The miracle stands atop the fireplace, flanked by artisan crucifixes and flower bouquets left by worshipers from across the U.S.
For the past two weeks, Glendale residents and visitors from Boston, New Jersey and elsewhere have come to Anahid Sallakian's single-family home to pray to a Virgin Mary statuette that's elicited tears and prayers. It's been covered in oil.
Representatives from the Los Angeles Archdiocese did not respond to requests for comment, and leaders from neighboring St Mary's Armenian Apostolic Church were unavailable for comment. But those who've observed the Mary statue "weeping," or have seen its fingers move, say it is a sign from God.
"I don't know why God chose me; only he knows," Sallakian said. "This is a sign for people to love each other and pray. There are people who don't believe, but maybe this is the sign. I don't know."
It began at 10:30 p.m. July 19 when Sallakian was praying in her living room. She said she saw a star on the Mary statue, and when she touched it, her hand was covered in oil.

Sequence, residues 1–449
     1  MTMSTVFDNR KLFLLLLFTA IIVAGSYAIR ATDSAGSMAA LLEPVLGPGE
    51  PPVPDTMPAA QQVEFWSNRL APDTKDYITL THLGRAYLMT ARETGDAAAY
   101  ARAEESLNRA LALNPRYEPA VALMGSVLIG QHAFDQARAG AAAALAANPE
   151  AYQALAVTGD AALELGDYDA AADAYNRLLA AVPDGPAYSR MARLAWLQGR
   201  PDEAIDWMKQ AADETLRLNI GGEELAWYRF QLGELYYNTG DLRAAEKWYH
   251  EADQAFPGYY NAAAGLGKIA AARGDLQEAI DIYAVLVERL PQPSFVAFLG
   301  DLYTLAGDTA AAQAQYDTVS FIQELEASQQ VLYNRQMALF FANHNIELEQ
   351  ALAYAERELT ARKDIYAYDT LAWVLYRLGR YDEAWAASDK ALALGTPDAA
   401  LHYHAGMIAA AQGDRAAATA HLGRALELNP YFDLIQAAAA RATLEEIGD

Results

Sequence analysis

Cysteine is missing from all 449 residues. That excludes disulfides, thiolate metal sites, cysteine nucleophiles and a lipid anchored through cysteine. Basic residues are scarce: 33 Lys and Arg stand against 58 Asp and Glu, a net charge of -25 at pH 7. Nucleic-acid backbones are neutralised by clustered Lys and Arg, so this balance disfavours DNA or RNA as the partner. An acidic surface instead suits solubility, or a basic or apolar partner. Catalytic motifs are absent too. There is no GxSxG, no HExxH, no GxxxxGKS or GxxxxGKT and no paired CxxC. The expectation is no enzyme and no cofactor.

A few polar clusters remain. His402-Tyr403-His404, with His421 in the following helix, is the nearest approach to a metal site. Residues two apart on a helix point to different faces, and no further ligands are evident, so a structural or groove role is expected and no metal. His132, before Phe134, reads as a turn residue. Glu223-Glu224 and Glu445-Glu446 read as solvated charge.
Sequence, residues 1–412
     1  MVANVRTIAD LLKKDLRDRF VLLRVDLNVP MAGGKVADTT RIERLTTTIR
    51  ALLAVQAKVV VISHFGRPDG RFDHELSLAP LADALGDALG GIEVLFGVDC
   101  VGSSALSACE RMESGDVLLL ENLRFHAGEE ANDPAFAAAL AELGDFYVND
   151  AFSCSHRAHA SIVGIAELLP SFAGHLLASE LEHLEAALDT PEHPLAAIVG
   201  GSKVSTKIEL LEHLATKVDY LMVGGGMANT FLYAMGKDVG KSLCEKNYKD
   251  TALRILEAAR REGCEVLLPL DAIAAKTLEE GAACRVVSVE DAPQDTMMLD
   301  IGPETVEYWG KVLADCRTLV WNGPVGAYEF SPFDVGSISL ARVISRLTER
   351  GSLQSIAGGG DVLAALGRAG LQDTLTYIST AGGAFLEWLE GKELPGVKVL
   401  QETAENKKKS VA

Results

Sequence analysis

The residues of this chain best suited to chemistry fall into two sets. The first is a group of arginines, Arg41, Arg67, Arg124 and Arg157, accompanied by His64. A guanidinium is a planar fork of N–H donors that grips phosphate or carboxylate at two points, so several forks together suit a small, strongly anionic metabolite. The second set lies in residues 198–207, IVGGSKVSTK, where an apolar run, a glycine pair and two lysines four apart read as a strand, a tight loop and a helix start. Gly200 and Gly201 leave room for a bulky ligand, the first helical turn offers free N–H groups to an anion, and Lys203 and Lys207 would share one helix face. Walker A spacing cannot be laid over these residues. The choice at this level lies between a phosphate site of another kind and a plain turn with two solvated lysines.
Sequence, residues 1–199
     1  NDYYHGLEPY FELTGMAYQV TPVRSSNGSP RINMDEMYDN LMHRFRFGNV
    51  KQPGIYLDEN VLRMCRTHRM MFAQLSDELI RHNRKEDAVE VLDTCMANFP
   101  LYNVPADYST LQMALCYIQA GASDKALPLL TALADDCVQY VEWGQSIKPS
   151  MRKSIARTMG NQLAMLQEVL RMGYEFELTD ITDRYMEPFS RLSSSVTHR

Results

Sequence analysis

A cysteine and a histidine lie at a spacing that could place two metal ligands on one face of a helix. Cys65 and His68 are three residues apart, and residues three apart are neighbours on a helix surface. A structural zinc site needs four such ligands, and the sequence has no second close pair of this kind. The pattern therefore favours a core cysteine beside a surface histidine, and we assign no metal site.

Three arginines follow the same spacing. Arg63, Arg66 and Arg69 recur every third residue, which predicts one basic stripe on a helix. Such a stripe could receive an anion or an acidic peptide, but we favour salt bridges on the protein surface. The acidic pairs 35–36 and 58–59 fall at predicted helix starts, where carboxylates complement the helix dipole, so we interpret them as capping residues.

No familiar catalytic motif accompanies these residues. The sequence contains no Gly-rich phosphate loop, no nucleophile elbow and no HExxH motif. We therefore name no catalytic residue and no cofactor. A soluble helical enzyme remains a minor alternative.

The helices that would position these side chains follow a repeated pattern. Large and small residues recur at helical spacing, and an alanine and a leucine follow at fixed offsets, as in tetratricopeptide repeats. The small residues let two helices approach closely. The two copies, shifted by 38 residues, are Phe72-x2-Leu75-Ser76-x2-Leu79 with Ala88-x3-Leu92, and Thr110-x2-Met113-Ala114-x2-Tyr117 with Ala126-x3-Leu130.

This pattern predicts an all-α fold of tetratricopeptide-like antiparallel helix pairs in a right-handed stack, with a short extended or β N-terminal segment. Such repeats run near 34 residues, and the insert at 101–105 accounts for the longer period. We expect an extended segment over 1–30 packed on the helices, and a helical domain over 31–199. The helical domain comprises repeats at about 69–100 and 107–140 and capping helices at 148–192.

"She gave us the oil for nine days," Sallakian said. "I don't know if it's finished."
One woman came to pray before a cancer surgery the following day, Sallakian said.
"She came back the next day and said nothing was wrong," she said. "This is a miracle. This happened."
Word of the alleged apparition spread through neighborhood church groups and reached a national audience through American and Armenian media reports, Sallakian said.
The house was flooded with thousands of worshipers and well-wishers, she said.
"For 15 days, I couldn't do anything in my house," Sallakian said. "I couldn't cook or anything. I cannot explain what happened."
Cyma Babahekian, a Glendale resident, touched Mary's palms before she prayed Saturday. Her daughter, Rita Mikailian, said they wanted an opportunity to see the miracle and reflect on their relationship with God.
"I can tell it's a miracle," Mikailian said. "God is saying through Mary that 'I'm here. I'm coming soon.'"
The message, Sallakian said, has been heard near and far.
"They come to try and be close to God," she said. "I'm saying, this is a sign to believe in God."